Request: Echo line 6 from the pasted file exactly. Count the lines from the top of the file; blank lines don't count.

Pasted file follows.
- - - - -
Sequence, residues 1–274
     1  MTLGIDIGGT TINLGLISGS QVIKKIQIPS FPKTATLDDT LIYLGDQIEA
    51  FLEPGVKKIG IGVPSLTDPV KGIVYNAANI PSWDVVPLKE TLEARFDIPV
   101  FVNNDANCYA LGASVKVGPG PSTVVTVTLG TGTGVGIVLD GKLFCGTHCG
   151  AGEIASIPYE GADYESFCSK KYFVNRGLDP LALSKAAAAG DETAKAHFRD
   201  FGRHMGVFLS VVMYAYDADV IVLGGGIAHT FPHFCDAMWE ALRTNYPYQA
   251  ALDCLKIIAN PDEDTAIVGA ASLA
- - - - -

   201  FGRHMGVFLS VVMYAYDADV IVLGGGIAHT FPHFCDAMWE ALRTNYPYQA